The progress of financial inclusion
Faster implementation of FIPs is seen after 2010-11. Commercial banks opened new rural branches, increased coverage of villages, set up ATMs and digital kiosks, deployed BCs, opened no-frills accounts, and provided credit through KCCs and GCCs. The introduction of core banking technology and proliferation of alternate delivery channels aided the process of inclusion on a larger scale. The statistics on key banking network give a sense of the pace of progress of banking outreach as part of FI.
Note: *Basic Savings Bank Deposit Account is a no-frill savings account without the need to maintain minimum balance and where no charges are levied. Source: Annual Report of RBI, 2016-17. 📷
In the last 7-8 years, banks have expanded their presence, and differentiated banks – payments banks and small finance banks – are set to take this further. When banks began pursuing three-year FI policies, innovations in providing better access to appropriate financial products and services came up. There was more focus on making banking accessible to vulnerable groups. Mainstream institutional players integrated fairness and transparency as part of their offerings, with basic products well-understood by the masses. As a result, FI became a critical factor for inclusive growth and development. Banks also realised that it can be an effective means for cross-selling and business growth.
The tectonic shift in financial inclusion
The biggest change came with the roll out of ‘Pradhan Mantri Jan Dhan Yojana (PMJDY)’ in August 2014. PMJDY has been designed to ensure accelerated access to various financial services like basic savings bank accounts, affordable, need-based credit, remittances facilities, and insurance and pension for excluded sections. Such deep penetration at affordable cost can only be possible with effective use of technology. Hence, the banking ecosystem operating on core banking mode, and ability of NPCI to scale-up issue of debit cards has enabled effective implementation of PMJDY. As a result, the number of new savings accounts opened by the banking system has been phenomenal under the scheme. The progress since its inception is interesting to observe.
Added to the ongoing FI schemes, financial literacy and digital literacy campaigns of banks were closely monitored by RBI. FI got renewed thrust with the launch of PMJDY because apex forums of RBI and Ministry of Finance monitored its focus. This has added a new dimension to the progress of FI by opening bank accounts on a large scale on mission mode. The benefit of such mass accretion to the customer base is expected to provide immense benefit to consumers and banks in the coming years.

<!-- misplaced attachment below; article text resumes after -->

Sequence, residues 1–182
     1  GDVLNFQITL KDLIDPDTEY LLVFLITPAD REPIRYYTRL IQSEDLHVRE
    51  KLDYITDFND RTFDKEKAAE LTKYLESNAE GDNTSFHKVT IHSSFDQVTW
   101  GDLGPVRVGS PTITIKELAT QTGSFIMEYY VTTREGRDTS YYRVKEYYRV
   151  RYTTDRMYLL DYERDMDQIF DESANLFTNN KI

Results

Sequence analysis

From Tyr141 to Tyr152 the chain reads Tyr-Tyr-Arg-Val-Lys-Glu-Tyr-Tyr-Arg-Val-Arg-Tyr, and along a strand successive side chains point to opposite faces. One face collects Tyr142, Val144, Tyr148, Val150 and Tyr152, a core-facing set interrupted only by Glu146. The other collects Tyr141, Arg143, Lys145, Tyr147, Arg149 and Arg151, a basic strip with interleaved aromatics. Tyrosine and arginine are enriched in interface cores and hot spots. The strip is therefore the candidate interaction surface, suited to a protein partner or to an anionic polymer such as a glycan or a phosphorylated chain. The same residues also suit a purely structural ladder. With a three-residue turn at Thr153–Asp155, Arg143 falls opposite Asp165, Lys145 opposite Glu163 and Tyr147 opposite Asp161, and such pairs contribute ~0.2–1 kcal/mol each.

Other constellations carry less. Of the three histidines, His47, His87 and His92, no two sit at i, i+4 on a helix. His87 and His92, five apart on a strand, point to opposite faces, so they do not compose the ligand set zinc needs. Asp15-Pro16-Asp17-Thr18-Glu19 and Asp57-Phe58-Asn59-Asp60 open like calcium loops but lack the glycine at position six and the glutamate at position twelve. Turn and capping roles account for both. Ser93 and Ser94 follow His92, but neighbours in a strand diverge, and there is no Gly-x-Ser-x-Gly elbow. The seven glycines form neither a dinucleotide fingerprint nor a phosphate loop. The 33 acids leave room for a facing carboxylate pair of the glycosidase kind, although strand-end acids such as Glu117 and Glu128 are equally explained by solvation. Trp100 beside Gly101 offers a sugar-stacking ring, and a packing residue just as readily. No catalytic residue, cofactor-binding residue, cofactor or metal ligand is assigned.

Measurement of financial inclusion
The progress of implementation of FI has to be measured to decide on future policy framework. It is believed that when banks embarked on the formal journey of FI, hardly 40% of Indian adults had savings accounts, with only a small fraction receiving credit from the banking system. Though there is lack of concrete data on the achievement levels, informal data suggest that about 62% of adult Indians are now covered.
India’s first FI index was launched in 2013 based on four critical dimensions: (i) branch penetration, (ii) deposit penetration, (iii) credit penetration, and (iv) insurance penetration. The last dimension was added for the first time to make the index much more comprehensive. CRISIL Inclusix measures progress on FI down to the level of each of the 666 districts in the country in 2013 (as against 717 now). The index is based on data provided by RBI, the MicroFinance Institutions Network (MFIN), and the Insurance Information Bureau of India.
The index readings for fiscal year (FY) 2015-16 (the latest period for which data are available) show that FI has improved significantly, with the all-India score rising to 58 in FY 2015-16, compared with 50.1 in FY 2012-13. The PMJDY and RBI’s steadfast focus on unbanked regions have made a big difference.